In the 35 years since I joined the World Bank, there have been vast changes in development. The reduction in the rate of poverty was never as sharp as in the first part of the 2000s, along with notable improvements in various social indicators. Striking has been the rise of Asia. Yet, with the rise in population, the sheer numbers of people in poverty worldwide stayed at an all-time high, at over 1 billion people. Despite considerable progress, reducing poverty remains the greatest developmental challenge.
During this time, thinking on development has gone through sea changes. Thirty-five years ago, physical capital and infrastructure were considered the prime contributors to higher incomes. In the following decades, human capital and investments in people (rightly) rose in acceptance as determinants of progress -- in their own right and as contributors to economic growth. In the 2000s, the stress on infrastructure has returned, with some development professionals even equating (simplistically) infrastructure investment with growth. World Bank lending for infrastructure has reflected this changing emphasis.
Agriculture was a top priority in the 1970s and '80s. The World Bank's research made a crucial contribution in agricultural price policies as well as trade policies. The emphasis on agriculture waned in the 1990s and much of the 2000s, and many rightly blame today's rising food prices on the neglect of investment in agricultural productivity, especially in Africa, in recent decades. Agricultural productivity has again become a vital ingredient in development as population growth and climate change place enormous stress on agricultural systems.
The rethinking also shifted the World Bank's focus from providing financing for investment projects to providing program lending to support economic policy management. In the 1980s, the Bank ramped up its lending to support macroeconomic reforms and emphasized sector-oriented programs. Disillusionment with structural adjustment and conditionality followed, but the search for programmatic approaches continues. There is a growing realization that solutions need to be grounded on firm support in countries. And with the emphasis shifting to institutional reforms, one-size-fits-all would not be the way to go.
The evolution of thinking also took on board the idea that multiple factors -- physical capital, human capital, and natural capital -- have a decisive impact on development trends. The emphasis on human and social capital followed the earlier exclusive focus on physical and financial capital. The series of natural disasters and the related concern over global climate change have recently drawn attention to the role of natural capital. Yet investment in natural capital lags because of a mistaken perception that its benefits will accrue only in the distant future.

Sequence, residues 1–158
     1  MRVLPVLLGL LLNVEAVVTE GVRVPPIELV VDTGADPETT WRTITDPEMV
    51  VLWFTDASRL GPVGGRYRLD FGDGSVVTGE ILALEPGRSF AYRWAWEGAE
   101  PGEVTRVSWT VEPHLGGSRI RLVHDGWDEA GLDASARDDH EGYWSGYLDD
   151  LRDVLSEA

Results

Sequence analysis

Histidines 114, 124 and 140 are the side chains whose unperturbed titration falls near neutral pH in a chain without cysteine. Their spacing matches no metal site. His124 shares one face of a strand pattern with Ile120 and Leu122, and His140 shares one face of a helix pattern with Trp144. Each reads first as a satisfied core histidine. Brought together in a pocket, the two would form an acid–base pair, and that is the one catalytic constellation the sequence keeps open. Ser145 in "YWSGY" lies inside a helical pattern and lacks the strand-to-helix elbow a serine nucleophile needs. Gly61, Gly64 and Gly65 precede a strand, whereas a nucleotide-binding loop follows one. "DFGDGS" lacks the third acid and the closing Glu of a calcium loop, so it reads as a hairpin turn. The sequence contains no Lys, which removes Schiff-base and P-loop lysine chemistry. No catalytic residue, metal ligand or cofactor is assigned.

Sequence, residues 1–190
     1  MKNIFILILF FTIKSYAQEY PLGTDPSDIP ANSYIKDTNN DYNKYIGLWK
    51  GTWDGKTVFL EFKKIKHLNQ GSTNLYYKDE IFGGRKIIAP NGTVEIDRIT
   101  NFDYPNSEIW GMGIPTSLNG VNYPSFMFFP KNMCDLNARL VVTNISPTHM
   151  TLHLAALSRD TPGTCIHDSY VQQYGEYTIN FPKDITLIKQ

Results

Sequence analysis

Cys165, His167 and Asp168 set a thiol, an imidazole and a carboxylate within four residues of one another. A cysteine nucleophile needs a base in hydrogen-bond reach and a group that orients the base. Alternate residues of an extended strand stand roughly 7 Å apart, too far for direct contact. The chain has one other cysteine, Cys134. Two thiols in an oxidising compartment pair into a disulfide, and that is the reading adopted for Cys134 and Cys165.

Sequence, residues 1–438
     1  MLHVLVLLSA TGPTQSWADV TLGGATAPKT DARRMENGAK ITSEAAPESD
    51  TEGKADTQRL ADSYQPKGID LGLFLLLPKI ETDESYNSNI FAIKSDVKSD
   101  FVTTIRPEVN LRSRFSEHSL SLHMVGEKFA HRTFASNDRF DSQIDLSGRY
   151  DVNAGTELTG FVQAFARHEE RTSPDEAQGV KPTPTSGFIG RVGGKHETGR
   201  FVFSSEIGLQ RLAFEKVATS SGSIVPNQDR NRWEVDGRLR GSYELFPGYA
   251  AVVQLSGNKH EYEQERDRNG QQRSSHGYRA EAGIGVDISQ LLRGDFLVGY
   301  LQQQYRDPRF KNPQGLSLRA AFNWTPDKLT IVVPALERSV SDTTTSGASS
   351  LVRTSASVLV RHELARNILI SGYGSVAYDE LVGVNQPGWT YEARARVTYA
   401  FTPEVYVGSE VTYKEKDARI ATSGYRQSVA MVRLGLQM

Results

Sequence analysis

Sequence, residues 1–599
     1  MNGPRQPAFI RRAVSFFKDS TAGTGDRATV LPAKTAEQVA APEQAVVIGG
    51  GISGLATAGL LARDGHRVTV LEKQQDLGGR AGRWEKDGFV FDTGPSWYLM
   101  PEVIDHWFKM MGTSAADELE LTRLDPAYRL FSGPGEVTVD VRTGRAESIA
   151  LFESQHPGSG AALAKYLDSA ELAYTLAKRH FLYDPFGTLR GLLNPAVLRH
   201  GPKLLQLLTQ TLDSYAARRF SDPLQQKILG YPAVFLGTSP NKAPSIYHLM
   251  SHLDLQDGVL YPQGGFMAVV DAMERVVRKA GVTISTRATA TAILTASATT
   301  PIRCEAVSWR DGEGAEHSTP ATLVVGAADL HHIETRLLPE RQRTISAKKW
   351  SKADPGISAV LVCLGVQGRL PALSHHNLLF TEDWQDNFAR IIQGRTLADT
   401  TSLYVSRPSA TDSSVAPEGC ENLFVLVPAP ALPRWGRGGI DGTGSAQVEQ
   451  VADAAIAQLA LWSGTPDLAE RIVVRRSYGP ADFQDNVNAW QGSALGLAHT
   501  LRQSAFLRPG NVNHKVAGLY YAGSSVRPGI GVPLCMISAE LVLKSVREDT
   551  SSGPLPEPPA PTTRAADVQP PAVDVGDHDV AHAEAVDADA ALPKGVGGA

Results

In the early 1990s, then World Bank President Barber Conable underlined the inter-linkage among economic growth, social progress, and environmental sustainability. He envisaged a series of three World Development Reports -- on poverty; on growth; and on the environment. I directed the one on growth in 1991 and recall President Conable and Chief Economist Stanley Fischer ensuring that the growth story addressed the environment. President James D. Wolfensohn placed a personal emphasis on the environment. The current President Robert B. Zoellick has promoted initiatives on biodiversity and climate change. These are issues where worldwide actions have historically fallen well short of what is needed.
Today, global crises affect development outcomes more than at any time in history. Recognizing interconnectivity in responses will be ever more important to address the multiple challenges posed by the scarcities of food, energy, water; by the threat from financial crises, natural disasters and climate change; and by the urgent need to address rising unemployment and growing inequities.
During the past two years of the financial crisis, the World Bank has been a global player, disbursing more financing than any other financial institution, including the International Monetary Fund. The challenge now is to connect global and country actions, harness innovation across a broad front, and promote a development path that is more sustainable.